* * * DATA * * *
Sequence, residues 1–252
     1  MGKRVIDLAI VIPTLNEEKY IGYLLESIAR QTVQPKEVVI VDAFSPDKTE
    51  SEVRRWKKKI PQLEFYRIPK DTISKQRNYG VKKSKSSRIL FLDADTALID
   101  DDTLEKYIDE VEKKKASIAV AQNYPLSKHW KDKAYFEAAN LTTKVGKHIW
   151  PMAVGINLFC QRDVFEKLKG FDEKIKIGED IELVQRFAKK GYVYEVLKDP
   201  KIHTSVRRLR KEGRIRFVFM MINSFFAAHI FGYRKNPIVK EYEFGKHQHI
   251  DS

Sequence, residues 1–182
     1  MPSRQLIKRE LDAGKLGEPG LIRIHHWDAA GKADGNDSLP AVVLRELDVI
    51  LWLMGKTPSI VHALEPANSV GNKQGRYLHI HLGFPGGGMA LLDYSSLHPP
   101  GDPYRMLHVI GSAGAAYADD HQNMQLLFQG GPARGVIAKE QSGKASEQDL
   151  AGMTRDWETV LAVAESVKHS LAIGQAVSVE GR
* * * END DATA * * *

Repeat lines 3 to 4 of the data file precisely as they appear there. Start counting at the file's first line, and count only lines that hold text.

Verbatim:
    51  SEVRRWKKKI PQLEFYRIPK DTISKQRNYG VKKSKSSRIL FLDADTALID
   101  DDTLEKYIDE VEKKKASIAV AQNYPLSKHW KDKAYFEAAN LTTKVGKHIW